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The Link Between Post-Secondary Education and Employment Earnings

By Denise Mullen

Does post-secondary education make a difference? It most definitely does. A recent longitudinal study from Statistics Canada makes this abundantly clear: see- The Cumulative Earnings of Postsecondary Graduates Over 20 Years:  Results by Field
of Study
.

The study followed 15,166 college and bachelor’s degree graduates aged 25 to 35 in 1991 for 20 years – spanning the period 1991 to 2010. Data sources include information collected from the former long-form census questionnaire and from T1 Income Tax Returns.  

Regardless of type of degree or college diploma obtained, there are significant earnings benefits compared to having only a high school education.  For men, the difference over a 20 year time frame was a cumulative boost in employment earnings of 30% to 70% versus a high school education, while for women the figures ranged from 40% at the low end to more than 100% at the high end. 

Even clearer is that those who choose STEM fields of study (science, technology, engineering and mathematics) as well as business administration do even better:  their potential employment earnings are at least 80% higher for men and up to 155% more for women as compared to high school only.  Taken one step further, the difference between a college diploma and a bachelor’s degree gives men a ~30% and women a 50% leg up in employment earnings.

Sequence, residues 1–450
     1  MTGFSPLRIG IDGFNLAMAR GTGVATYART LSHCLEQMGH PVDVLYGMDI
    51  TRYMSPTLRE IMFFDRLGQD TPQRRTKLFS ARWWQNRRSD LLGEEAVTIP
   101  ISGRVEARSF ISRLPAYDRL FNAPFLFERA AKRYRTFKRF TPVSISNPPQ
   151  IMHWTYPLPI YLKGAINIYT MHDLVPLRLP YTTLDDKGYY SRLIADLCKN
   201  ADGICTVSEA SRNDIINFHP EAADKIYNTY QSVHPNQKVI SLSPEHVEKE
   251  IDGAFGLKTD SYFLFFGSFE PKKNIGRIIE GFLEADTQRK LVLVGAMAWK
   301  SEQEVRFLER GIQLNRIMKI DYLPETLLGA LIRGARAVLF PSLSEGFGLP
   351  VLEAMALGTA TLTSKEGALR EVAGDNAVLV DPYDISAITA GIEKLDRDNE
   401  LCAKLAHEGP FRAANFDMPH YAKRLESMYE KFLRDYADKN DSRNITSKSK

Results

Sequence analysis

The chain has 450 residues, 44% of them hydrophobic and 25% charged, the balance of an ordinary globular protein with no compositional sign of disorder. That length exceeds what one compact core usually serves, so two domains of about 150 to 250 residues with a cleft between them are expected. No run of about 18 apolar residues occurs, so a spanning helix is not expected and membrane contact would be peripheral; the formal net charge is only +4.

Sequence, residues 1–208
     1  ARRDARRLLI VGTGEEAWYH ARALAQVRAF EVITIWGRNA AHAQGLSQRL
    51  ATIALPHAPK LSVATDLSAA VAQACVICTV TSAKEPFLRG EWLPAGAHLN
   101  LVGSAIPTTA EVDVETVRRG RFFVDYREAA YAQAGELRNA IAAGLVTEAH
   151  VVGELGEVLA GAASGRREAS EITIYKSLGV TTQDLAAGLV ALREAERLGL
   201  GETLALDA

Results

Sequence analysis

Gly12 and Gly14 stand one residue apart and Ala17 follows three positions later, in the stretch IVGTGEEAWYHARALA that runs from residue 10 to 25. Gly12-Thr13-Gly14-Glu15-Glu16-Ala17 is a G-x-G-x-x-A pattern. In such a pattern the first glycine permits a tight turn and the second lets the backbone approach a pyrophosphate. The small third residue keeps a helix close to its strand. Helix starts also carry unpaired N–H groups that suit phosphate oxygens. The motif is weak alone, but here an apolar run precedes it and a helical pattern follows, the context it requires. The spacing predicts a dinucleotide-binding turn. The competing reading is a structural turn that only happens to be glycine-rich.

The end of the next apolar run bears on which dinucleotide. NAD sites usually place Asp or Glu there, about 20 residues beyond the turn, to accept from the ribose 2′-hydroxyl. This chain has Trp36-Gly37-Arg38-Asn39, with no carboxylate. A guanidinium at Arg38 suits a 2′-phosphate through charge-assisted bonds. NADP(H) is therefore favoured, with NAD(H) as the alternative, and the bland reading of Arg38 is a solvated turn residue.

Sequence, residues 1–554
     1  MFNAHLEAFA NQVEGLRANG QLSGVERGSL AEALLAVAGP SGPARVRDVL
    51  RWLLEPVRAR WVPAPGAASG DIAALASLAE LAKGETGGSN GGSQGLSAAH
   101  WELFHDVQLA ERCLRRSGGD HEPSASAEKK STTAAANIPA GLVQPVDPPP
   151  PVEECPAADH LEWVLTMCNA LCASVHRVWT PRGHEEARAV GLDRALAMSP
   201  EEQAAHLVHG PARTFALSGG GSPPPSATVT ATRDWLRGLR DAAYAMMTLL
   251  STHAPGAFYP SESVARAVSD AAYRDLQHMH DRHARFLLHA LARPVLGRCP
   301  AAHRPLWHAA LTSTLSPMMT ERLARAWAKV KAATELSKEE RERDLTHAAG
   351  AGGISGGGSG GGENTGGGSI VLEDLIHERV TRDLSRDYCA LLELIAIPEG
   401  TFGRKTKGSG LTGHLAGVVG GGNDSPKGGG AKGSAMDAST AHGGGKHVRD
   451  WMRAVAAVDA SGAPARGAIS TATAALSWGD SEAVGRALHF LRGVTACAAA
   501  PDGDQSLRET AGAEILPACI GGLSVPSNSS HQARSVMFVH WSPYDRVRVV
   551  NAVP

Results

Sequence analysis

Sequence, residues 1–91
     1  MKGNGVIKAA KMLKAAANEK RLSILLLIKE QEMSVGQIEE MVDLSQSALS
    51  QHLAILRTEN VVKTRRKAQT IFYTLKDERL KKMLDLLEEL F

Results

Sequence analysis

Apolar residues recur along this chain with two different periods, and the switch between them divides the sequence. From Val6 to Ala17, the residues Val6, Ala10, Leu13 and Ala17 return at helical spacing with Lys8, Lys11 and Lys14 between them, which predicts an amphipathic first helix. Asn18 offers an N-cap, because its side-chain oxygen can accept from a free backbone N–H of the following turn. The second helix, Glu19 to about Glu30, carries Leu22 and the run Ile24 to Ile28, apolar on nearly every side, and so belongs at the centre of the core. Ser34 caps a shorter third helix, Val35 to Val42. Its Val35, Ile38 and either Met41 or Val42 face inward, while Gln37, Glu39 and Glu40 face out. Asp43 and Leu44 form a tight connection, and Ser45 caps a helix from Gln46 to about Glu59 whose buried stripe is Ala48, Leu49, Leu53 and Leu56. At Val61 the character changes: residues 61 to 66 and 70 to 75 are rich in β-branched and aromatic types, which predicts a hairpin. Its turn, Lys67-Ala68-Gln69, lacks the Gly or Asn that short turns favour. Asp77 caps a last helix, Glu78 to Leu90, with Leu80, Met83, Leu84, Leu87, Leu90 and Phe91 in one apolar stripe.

Table   1:   MEN
Median cumulative earnings by level of education and field of study
  Bachelor's
degree
College
certificate
High
School
HS compared to BA HS compared to College College compared   to BA
  2010 constant dollars      
Education  $            1,290,400  $              996,600   46% 13% 29%
Fine and   Applied Arts  $               843,900  $              807,200   -4% -9% 5%
Humanities  $            1,144,600  $              827,500   30% -6% 38%
Social   Sciences  $            1,358,900  $           1,241,500   54% 41% 9%
Business   Administration  $            1,619,400  $           1,099,500   84% 25% 47%
Life Sciences  $            1,334,700  $              753,500   51% -15% 77%
Engineering  $            1,845,000  $           1,244,200   109% 41% 48%
Health  $            1,627,600  $           1,089,700   84% 24% 49%
Mathematics and Physical Sciences  $            1,607,500  $           1,128,000   82% 28% 43%
All fields of   study  $            1,517,200  $           1,137,000  $     882,300 72% 29% 33%
Sources:   Statistics Canada, 1991 Census–Longitudinal Worker File and CANSIM table   326-0021.  

 

Table   2:  WOMEN
Median cumulative earnings by level of education and field of study
  Bachelor's
degree
College
certificate
High
School
HS compared to BA HS compared to College College compared   to BA
  2010 constant dollars        
Education  $          1,044,600  $             513,500   128% 12% 103%
Fine and   Applied Arts  $             652,100  $             437,300   42% -5% 49%
Humanities  $             808,200  $             555,900   76% 21% 45%
Social   Sciences  $             824,300  $             563,800   80% 23% 46%
Business Administration  $          1,169,100  $             625,100   155% 36% 87%
Life Sciences  $             844,900  $             502,300   84% 9% 68%